Organisations should ‘get serious’ and mandate procurement policies

Billie Gorman is a procurement executive and CIPS FellowLast year a significant number of organisations were ‘transforming’ their procurement capability. In the main, these programmes had to reduce or replace procurement staff, cut supplier costs and improve the company's appreciation of procurement as a capability.

What seems to be missing is a rock solid mandate to comply with procurement’s policies to make these changes and produce sustainable benefits.

In 2015, organisations must get serious and establish mandates around procurement activities (like HR and finance do) with serious consequences for non-compliance; only then will there be a systemic cultural change in attitude towards procurement and a full realisation of the benefits it can deliver.

Due to market pressures and the high cost of labour in Australia, more and more organisations have either sourced or are planning to source goods and services from lower cost countries. This may result in organisations trading with developing countries that have vastly different business practices, employment conditions, legal systems and risk profiles to Australia.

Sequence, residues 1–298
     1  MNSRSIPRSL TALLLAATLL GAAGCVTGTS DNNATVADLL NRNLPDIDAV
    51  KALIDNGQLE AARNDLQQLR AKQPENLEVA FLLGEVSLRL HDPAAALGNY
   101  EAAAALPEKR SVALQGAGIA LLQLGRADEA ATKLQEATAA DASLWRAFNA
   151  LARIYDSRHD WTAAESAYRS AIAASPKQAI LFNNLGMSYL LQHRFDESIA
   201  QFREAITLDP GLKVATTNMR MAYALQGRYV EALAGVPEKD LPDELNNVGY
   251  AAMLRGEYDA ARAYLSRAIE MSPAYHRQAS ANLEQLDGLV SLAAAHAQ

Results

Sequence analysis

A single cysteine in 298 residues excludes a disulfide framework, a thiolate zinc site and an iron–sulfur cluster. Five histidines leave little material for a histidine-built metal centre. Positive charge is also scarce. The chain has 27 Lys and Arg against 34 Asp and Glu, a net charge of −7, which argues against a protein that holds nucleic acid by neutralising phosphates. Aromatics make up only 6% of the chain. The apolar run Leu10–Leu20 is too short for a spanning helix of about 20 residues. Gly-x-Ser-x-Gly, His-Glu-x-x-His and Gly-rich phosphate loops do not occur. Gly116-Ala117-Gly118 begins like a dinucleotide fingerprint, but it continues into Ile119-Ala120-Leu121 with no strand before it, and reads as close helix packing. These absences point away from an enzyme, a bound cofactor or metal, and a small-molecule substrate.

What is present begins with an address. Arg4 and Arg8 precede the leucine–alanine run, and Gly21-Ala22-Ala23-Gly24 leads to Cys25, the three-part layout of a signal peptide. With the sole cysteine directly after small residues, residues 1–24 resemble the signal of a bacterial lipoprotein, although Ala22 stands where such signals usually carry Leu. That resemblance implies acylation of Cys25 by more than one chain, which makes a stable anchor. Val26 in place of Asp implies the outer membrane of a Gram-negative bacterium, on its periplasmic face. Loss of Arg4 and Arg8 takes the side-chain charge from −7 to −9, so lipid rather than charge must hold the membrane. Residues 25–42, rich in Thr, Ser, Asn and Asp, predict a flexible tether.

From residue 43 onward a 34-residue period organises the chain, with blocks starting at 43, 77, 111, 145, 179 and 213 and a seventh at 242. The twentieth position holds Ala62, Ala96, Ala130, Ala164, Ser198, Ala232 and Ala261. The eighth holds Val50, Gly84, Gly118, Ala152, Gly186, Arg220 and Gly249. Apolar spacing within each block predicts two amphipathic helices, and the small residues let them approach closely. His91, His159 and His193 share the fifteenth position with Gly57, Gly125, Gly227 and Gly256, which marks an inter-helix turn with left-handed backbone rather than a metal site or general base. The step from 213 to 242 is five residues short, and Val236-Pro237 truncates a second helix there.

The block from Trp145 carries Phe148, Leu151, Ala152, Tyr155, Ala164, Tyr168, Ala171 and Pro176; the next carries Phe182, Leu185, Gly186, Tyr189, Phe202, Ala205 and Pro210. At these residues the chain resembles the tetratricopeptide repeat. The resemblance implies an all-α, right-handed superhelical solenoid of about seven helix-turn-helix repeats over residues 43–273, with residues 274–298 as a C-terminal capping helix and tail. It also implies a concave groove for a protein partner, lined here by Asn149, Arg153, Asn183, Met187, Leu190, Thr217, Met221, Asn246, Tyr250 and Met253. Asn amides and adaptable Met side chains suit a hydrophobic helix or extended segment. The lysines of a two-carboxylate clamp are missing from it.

Procurement will need to bring in experts and/or train current staff if they are to fully realise the benefits of transacting abroad while avoiding potential public relations, legal, operational or other risks. Procurement also needs to develop contingencies for their business critical goods and services in the event the supply chain is disrupted.

Following a number of years of serious cost cutting, organisations will have to find more creative ways of improving their growth and margin. Procurement is positioned perfectly to facilitate a far greater collaborative and innovative relationship with suppliers. In addition to normal business intelligence, the procurement specialist will need to become a truly trusted partner within the business and be intimately familiar with the organisation’s strategy, challenges, opportunities, competition, stakeholders and customers. Supplier innovations might come from shared research and development initiatives, ‘mutual value discovery’ days or joint collaborations with selected universities. Organisations who continue to view their strategic suppliers with suspicion are either operating in the dark ages or are doing business with the wrong suppliers.

☛ Billie Gorman is a procurement executive and a CIPS Fellow

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